Given that Quantum membrane is the right choice for me, do these skins give $1k worth of additional durability without significant performance implication?  I was given the impression that TP52 Platoon uses skins on their membranes, so performance can't be too horrible. I don't have Platoon's budget though, so I care a lot about whether that skin makes the sail hold up longer in real life.

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2 hours ago, woodpecker said:

Why pay extra to have have film put on both sides of sail which adds weight and cost when you can buy a 3DI that does not need film and much lighter for the same amount of money? I think Quantum stopped doing the film on one side because of problem with the film expanding or contracting at a different rates from the Mylar . Putting it on both sides balances the shrinking/expansion effect but drives the price and weight up.

 

From my experience, the 3Di option is 30% more than a Q M5 with liteskin.  
 

3di is great, but it comes at a pretty high entry price.  

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40 minutes ago, T sailor said:

From my experience, the 3Di option is 30% more than a Q M5 with liteskin.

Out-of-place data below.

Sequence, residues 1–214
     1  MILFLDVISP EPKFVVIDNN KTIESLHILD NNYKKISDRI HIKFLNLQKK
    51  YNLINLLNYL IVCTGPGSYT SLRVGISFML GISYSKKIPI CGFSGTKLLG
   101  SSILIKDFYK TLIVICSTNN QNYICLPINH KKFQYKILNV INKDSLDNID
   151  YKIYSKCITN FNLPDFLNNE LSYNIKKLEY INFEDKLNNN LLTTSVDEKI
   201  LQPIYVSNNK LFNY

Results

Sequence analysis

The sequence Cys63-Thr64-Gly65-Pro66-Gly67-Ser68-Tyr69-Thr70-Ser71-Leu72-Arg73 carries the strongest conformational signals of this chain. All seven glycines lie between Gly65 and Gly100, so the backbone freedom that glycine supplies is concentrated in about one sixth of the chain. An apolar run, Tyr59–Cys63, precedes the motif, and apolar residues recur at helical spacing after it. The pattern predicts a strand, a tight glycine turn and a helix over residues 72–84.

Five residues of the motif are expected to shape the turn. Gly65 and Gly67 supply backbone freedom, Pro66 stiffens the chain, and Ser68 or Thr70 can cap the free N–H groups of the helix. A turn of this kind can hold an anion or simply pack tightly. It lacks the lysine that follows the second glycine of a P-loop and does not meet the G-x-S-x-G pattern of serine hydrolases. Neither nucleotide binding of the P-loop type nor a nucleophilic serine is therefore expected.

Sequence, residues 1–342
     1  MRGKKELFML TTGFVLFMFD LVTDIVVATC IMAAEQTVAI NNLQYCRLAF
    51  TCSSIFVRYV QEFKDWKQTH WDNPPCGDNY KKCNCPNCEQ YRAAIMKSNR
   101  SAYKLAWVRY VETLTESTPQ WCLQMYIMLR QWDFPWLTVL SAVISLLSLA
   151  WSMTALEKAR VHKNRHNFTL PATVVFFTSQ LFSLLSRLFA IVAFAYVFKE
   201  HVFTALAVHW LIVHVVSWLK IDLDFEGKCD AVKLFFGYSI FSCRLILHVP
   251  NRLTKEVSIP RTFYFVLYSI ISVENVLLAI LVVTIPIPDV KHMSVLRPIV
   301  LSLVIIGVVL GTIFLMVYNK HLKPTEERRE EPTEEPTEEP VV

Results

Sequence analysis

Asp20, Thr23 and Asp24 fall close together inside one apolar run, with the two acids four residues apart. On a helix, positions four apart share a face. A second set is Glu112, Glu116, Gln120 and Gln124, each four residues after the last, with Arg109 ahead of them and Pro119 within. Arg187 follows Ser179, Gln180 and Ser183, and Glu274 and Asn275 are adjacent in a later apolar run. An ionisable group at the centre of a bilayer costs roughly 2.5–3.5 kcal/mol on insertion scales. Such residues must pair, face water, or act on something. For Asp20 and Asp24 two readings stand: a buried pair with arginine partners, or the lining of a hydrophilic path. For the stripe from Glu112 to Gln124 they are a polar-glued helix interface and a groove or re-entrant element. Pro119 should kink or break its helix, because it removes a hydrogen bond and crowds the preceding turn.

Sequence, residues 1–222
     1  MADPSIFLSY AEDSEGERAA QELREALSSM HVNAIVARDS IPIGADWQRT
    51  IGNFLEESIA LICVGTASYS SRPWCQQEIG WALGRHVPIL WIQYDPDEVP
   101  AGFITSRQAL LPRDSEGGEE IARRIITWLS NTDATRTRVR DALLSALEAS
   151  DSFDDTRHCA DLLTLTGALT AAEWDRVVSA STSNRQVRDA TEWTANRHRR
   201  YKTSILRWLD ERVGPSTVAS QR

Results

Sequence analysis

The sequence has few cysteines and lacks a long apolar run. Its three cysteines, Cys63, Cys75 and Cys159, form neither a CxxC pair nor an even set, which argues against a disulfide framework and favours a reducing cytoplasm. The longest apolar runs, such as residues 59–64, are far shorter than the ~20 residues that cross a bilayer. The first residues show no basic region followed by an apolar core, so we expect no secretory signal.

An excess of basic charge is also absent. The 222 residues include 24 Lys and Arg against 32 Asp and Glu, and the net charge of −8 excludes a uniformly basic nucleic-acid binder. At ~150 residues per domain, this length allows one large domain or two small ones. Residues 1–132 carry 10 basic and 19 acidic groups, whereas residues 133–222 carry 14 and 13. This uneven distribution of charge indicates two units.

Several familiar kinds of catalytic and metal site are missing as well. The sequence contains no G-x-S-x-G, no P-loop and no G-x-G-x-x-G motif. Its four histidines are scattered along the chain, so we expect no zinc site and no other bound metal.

3di is great, but it comes at a pretty high entry price.  

Fusion with scrim and 3di  were the same price when we last bought a sail. Looks Quantum has lowered the price of the skin quite a bit recently. I don't think sail prices are fixed across the board for either loft. The price will vary greatly on how many sails you buy, which dealer, and what time of year you buy.

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the liteskin is a 3rd party product, dimension polyant I think.

I' ve bought 4 sails with liteskin on them from Evoloution sails, although all were in the last 3 years so can't really speak to the longievty too much, but nothing I'e seen gives me any cause for concern. They are certinaly more durable than just mylar and lighter than regular taffeta.

For no compromises racing, its not the lighest sail you;ll get, but it does seem to hold up to abuse pretty well. 

 

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4 minutes ago, Dead air said:

the liteskin is a 3rd party product, dimension polyant I think.